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Johnson v. Lepianka

United States District Court, E.D. Wisconsin

August 27, 2019

MARVIN JOHNSON, Plaintiff,
v.
JEFF LEPIANKA and K9 BRAVO, Defendants.

          ORDER

          J.P. Stadtmueller U.S. District Judge

         Plaintiff Marvin Johnson proceeds in this matter pro se. He filed a complaint alleging that Defendants violated his constitutional rights when they arrested him with excessive force. (Docket #1). This matter comes before the court on Plaintiff's petition to proceed without prepayment of the filing fee (in forma pauperis). (Docket #2). Plaintiff has been assessed and has paid an initial partial filing fee of $3.11. 28 U.S.C. § 1915(b).

         The court shall screen complaints brought by prisoners seeking relief against a governmental entity or an officer or employee of a governmental entity. 28 U.S.C. § 1915A(a). The court must dismiss a complaint or portion thereof if the prisoner has raised claims that are legally “frivolous or malicious, ” that fail to state a claim upon which relief may be granted, or that seek monetary relief from a defendant who is immune from such relief. Id. § 1915A(b).

         A claim is legally frivolous when it lacks an arguable basis either in law or in fact. Denton v. Hernandez, 504 U.S. 25, 31 (1992); Neitzke v. Williams, 490 U.S. 319, 325 (1989); Hutchinson ex rel. Baker v. Spink, 126 F.3d 895, 900 (7th Cir. 1997). The court may, therefore, dismiss a claim as frivolous where it is based on an indisputably meritless legal theory or where the factual contentions are clearly baseless. Neitzke, 490 U.S. at 327. “Malicious, ” although sometimes treated as a synonym for “frivolous, ” “is more usefully construed as intended to harass.” Lindell v. McCallum, 352 F.3d 1107, 1109- 10 (7th Cir. 2003) (citations omitted).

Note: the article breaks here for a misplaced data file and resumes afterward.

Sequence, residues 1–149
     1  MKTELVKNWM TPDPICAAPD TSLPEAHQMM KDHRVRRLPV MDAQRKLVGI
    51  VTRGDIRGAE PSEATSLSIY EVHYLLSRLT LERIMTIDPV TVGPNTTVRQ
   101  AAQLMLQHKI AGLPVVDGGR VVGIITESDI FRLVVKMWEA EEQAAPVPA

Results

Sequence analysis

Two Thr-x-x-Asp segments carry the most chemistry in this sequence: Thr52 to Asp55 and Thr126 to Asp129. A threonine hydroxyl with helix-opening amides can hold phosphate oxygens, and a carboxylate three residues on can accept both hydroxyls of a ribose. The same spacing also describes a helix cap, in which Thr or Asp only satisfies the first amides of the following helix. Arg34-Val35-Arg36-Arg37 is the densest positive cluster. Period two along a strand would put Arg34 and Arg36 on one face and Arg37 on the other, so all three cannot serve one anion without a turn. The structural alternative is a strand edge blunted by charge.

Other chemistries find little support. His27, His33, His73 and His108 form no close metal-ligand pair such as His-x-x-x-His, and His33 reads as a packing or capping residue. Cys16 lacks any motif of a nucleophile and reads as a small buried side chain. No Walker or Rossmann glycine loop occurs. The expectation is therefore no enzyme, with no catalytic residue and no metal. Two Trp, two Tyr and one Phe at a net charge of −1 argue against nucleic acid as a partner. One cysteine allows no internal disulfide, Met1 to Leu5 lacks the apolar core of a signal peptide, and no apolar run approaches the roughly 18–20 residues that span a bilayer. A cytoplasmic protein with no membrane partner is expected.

To state a cognizable claim under the federal notice pleading system, the plaintiff is required to provide a “short and plain statement of the claim showing that [he] is entitled to relief[.]” Fed.R.Civ.P. 8(a)(2). It is not necessary for the plaintiff to plead specific facts and his statement need only “give the defendant fair notice of what the . . . claim is and the grounds upon which it rests.” Bell Atl. Corp. v. Twombly, 550 U.S. 544, 555 (2007) (quoting Conley v. Gibson, 355 U.S. 41, 47 (1957)). However, a complaint that offers mere “labels and conclusions” or a “formulaic recitation of the elements of a cause of action will not do.” Ashcroft v. Iqbal, 556 U.S. 662, 678 (2009) (quoting Twombly, 550 U.S. at 555). To state a claim, a complaint must contain sufficient factual matter, accepted as true, “that is plausible on its face.” Id. (quoting Twombly, 550 U.S. at 570). “A claim has facial plausibility when the plaintiff pleads factual content that allows the court to draw the reasonable inference that the defendant is liable for the misconduct alleged.” Id. (citing Twombly, 550 U.S. at 556). The complaint's allegations “must be enough to raise a right to relief above the speculative level.” Twombly, 550 U.S. at 555 (citation omitted).

         In considering whether a complaint states a claim, courts should follow the principles set forth in Twombly by first, “identifying pleadings that, because they are no more than conclusions, are not entitled to the assumption of truth.” Iqbal, 556 U.S. at 679. Legal conclusions must be supported by factual allegations. Id. If there are well-pleaded factual allegations, the court must, second, “assume their veracity and then determine whether they plausibly give rise to an entitlement to relief.” Id.

         To state a claim for relief under 42 U.S.C. Section 1983, a plaintiff must allege that: 1) he was deprived of a right secured by the Constitution or laws of the United States; and 2) the deprivation was visited upon him by a person or persons acting under color of state law. Buchanan-Moore v. County of Milwaukee, 570 F.3d 824, 827 (7th Cir. 2009) (citing Kramer v. Vill. of N. Fond du Lac, 384 F.3d 856, 861 (7th Cir. 2004)); see also Gomez v. Toledo, 446 U.S. 635, 640 (1980). The court is obliged to give the plaintiff's pro se allegations, “however inartfully pleaded, ” a liberal construction. See Erickson v. Pardus, 551 U.S. 89, 94 (2007) (quoting Estelle v. Gamble, 429 U.S. 97, 106 (1976)).